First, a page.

Leiden University has announced the intent to confer an honorary doctorate on Professor of Anthropology Rosemary Joyce. The degree will be awarded on February 8, 2022 at the university's Dies Natalis, the celebration of its 447th year since it was founded in 1575 as the first university in that country.
The Rector Magnificus of the university, Professor Hester Bijl, wrote that the doctorate was awarded in recognition of Professor Joyce's "outstanding research into the ancient civilizations of Mesoamerica and Mexico", particularly how "expressions of culture and heritage have been used to consolidate positions in society". The award also recognizes continuous efforts to involve communities affected by research, evident especially in long-term engagements with museums and local communities in Honduras, the country about which Professor Joyce has conducted research since she was an undergraduate.
The award recognizes the ways that Professor Joyce's research and community-engaged scholarship align with the university's mission and the theme of the 2022 founding celebration, "Innovating and connecting", and the university's mission to link science and social goals, writing that "Innovating and connecting are also clearly manifested in the research carried out by Rosemary Joyce through the combination of scientific fields and the clear connection she makes between her findings and developments in society".
Leiden University made the decision to confer the degree based on the recommendation of the Deans of its Faculties of Archaeology and Social and Behavioural Sciences, recognizing Professor Joyce's contributions as an archaeologist and an anthropologist, and the degree will be jointly conferred by representatives of these two faculties, Maarten Jansen, Emeritus Professor of Archaeology and Ethnohistory of Central America, and Marja Spierenburg, Professor of Anthropology of Sustainability.
Rosemary Joyce received her PhD in anthropology from the University of Illinois-Urbana in 1985. A curator and faculty member in anthropology at Harvard University from 1985 to 1994, she moved to Berkeley in 1994, serving as Director of the Hearst Museum of Anthropology until 1999. She has been the Distinguished Lecturer of the Archaeology Division of the American Anthropological Association, the Distinguished Archaeology Lecturer at the University of Colorado Boulder, a Fulbright Senior Scholar at the Universidad de Costa Rica, and an Astor Visiting Lecturer at Oxford University, is a past fellow of the Bunting Institute at Radcliffe, the Center for Advanced Study in the Behavioral Sciences at Stanford, and the University of California Humanities Research Institute, and a recipient of a John Simon Guggenheim Memorial Foundation Fellowship. Author of 10 monographs and editor of 9 volumes, her most recent books are Painted Pottery From Honduras: Object Itineraries and Lives (2017), Material Relations: The Marriage Figurines of Prehispanic Honduras (2014), and A Past for Nuclear Waste (2020). While collaborating in research on the Palenque archaeological site in the western Maya area, a collaborative project with Mexican colleagues funded by the National Endowment for the Humanities, she continues research on Honduran collections in museums and archives, including co-directing a project funded by the National Endowment for the Humanities to provide online searching for the colonial archive of Central America.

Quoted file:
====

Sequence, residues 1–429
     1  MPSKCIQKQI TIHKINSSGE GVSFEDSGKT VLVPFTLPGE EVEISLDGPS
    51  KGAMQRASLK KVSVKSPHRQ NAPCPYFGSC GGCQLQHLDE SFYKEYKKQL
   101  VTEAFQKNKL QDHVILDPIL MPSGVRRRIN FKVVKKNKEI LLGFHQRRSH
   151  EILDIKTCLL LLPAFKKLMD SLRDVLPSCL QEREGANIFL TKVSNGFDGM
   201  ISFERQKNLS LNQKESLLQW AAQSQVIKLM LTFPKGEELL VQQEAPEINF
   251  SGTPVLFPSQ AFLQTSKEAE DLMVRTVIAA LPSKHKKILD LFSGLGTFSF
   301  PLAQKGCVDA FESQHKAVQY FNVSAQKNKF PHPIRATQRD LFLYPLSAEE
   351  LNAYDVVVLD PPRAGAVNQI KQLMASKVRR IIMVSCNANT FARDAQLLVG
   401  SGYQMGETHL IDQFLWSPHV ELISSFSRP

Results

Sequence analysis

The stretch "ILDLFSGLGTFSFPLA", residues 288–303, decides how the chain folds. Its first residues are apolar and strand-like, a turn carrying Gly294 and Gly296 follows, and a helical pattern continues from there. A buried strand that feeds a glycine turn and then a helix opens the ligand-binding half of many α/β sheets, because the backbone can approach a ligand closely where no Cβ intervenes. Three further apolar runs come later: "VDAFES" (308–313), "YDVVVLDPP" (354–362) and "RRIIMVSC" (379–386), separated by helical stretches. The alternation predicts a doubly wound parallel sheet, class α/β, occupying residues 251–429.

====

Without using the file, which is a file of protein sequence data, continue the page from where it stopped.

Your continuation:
Professor Joyce will join a distinguished group of previous recipients of this honor since the first honorary doctorates were awarded in 1835 that includes only a few other archaeologists: Lewis Binford (2000), Ian Hodder (2011) and Bhagwan Lal Indraji (1884). Other notable recipients include the author A. S. Byatt (2010), Nelson Mandela (1999), Fernand Braudel (1975), Robert Merton (1965), E. M. Forster (1954), Winston Churchill (1946) and Charles Darwin (1875).